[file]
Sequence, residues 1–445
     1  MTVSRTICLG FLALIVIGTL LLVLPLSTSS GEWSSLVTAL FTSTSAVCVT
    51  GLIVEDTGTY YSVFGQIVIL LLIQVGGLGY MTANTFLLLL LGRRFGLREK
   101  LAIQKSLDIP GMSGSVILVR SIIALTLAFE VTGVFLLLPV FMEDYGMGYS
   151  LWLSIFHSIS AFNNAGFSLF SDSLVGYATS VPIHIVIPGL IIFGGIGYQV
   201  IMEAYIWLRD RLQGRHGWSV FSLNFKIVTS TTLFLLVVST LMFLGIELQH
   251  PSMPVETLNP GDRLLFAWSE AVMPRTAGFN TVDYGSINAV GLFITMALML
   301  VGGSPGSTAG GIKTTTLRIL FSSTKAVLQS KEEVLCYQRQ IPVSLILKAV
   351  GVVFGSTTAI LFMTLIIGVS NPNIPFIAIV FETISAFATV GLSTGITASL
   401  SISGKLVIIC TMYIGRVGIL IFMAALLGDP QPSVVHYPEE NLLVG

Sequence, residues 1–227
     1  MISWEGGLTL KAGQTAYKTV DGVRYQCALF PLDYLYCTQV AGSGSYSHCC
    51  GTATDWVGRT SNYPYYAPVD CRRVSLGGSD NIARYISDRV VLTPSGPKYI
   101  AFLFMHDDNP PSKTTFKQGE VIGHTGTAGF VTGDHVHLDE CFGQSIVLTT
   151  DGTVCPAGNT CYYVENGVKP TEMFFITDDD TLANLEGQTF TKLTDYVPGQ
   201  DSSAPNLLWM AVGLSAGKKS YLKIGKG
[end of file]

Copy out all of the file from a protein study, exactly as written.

Sequence, residues 1–445
     1  MTVSRTICLG FLALIVIGTL LLVLPLSTSS GEWSSLVTAL FTSTSAVCVT
    51  GLIVEDTGTY YSVFGQIVIL LLIQVGGLGY MTANTFLLLL LGRRFGLREK
   101  LAIQKSLDIP GMSGSVILVR SIIALTLAFE VTGVFLLLPV FMEDYGMGYS
   151  LWLSIFHSIS AFNNAGFSLF SDSLVGYATS VPIHIVIPGL IIFGGIGYQV
   201  IMEAYIWLRD RLQGRHGWSV FSLNFKIVTS TTLFLLVVST LMFLGIELQH
   251  PSMPVETLNP GDRLLFAWSE AVMPRTAGFN TVDYGSINAV GLFITMALML
   301  VGGSPGSTAG GIKTTTLRIL FSSTKAVLQS KEEVLCYQRQ IPVSLILKAV
   351  GVVFGSTTAI LFMTLIIGVS NPNIPFIAIV FETISAFATV GLSTGITASL
   401  SISGKLVIIC TMYIGRVGIL IFMAALLGDP QPSVVHYPEE NLLVG

Sequence, residues 1–227
     1  MISWEGGLTL KAGQTAYKTV DGVRYQCALF PLDYLYCTQV AGSGSYSHCC
    51  GTATDWVGRT SNYPYYAPVD CRRVSLGGSD NIARYISDRV VLTPSGPKYI
   101  AFLFMHDDNP PSKTTFKQGE VIGHTGTAGF VTGDHVHLDE CFGQSIVLTT
   151  DGTVCPAGNT CYYVENGVKP TEMFFITDDD TLANLEGQTF TKLTDYVPGQ
   201  DSSAPNLLWM AVGLSAGKKS YLKIGKG